The US Food and Drug Administration has a standard for determining the efficacy of new hypertension drugs: it requires “a blinded design with a placebo-subtracted reduction in diastolic BP of 5 mm Hg or more and be free of serious side effects to be approvable.”
With that guideline as their standard, a group of researchers from the University of Chicago set out to determine if chiropractic adjustment of the atlas could reduce blood pressure in patients with hypertension. The authors summarize the relationship between the first cervical vertebra (C1) and hypertension:
“Unlike other vertebrae, which interlock one to the next, the Atlas relies solely upon soft-tissue (muscles and ligaments) to maintain alignment; therefore, the placement of C-1 is pain free and thus, remains undiagnosed and untreated, whereas health-related consequences are attributed to other aetiologies.”
“Minor misalignment of the Atlas vertebra can potentially injure, impair, compress and/or compromise brainstem neural pathways. The relationship between hypertension and presence of circulatory abnormalities in the area around the Atlas vertebra and posterior fossa of the brain has been known for more than 40 years.”
In this study, the researchers took 50 patients with Stage 1 hypertension who had either never been on hypertensive drugs or who had stopped taking hypertensive drugs for at least two weeks.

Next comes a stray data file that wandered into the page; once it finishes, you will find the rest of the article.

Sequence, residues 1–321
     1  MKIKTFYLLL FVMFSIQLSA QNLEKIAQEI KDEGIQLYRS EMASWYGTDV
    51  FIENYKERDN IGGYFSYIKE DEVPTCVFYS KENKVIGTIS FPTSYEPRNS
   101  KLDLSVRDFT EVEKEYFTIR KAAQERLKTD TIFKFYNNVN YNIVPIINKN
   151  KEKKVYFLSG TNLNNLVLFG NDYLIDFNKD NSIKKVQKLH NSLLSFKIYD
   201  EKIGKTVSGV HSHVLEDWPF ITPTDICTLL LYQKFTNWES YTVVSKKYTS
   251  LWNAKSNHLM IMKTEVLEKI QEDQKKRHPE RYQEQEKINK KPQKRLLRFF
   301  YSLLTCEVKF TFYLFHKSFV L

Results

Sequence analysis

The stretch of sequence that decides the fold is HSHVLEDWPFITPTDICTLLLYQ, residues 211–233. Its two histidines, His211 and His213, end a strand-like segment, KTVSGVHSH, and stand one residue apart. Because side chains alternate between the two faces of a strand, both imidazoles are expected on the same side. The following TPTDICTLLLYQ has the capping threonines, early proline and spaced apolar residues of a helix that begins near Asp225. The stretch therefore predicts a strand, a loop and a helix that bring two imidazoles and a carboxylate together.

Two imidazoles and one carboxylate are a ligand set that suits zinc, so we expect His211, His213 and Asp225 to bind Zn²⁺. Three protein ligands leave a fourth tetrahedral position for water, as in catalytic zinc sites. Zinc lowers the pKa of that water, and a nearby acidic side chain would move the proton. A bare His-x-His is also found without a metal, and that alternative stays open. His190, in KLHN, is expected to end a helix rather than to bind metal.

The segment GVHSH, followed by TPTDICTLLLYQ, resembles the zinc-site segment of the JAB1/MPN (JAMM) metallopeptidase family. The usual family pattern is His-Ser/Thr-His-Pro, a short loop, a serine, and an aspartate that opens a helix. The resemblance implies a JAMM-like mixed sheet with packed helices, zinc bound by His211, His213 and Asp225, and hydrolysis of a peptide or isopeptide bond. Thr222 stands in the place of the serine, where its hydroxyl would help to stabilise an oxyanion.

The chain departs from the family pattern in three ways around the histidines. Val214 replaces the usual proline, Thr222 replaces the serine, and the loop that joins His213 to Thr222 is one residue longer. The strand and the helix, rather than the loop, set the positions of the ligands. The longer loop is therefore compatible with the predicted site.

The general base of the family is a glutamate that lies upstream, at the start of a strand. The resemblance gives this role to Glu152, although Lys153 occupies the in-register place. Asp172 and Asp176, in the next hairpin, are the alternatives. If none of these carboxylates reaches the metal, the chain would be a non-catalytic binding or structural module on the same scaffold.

All of the patients were evaluated by a chiropractor for misalignment of C1 using radiographs and leg-length checks. Half of the patients received spinal manipulation of the C1; the other half received a sham treatment that was indistinguishable from a real treatment by the patient.
The diagnostic procedure was conducted at intake, after the treatment and at eight weeks.
The authors found that the patients who received the chiropractic treatment experienced a dramatic drop in average blood pressure compared to the control subjects:
BP End of Study
The drop in blood pressure was so impressive the authors state that it “is similar to that seen by giving two different antihypertensive agents simultaneously.”
Furthermore, 85% of the patients needed only one treatment to realize the improvement in blood pressure.
In addition, the study also documented the degree of pelvic misalignment and the position of the C7 vertebra; these measurements are used with this particular method of chiropractic to diagnose dysfunction of the C1 vertebra. Just as they found with the results for blood pressure, the degree of misalignment was reduced dramatically in the treatment group, but not the control group.
“As discussed in the Methods section of this paper, techniques are now available to screen for atlas misalignment. This type of screening should be the responsibility of the primary care physician and should be performed on patients who have a history of head and neck trauma even if it is deemed insignificant. Those patients who present with pain related to head and neck trauma should not be screened. At a time when the prevalence of hypertension is increasing and its control more difficult due to a variety of factors, linking the correction of C1 misalignment to the subsequent lowering of BP may represent an important advancement in the screening of such patients.”
Bakris G, Dickholtz M, Meyer PM, Kravitz G, et al. Atlas vertebra realignment and achievement of arterial pressure goal in hypertensive patients: a pilot study. Journal of Human Hypertension 2007;21:347-352.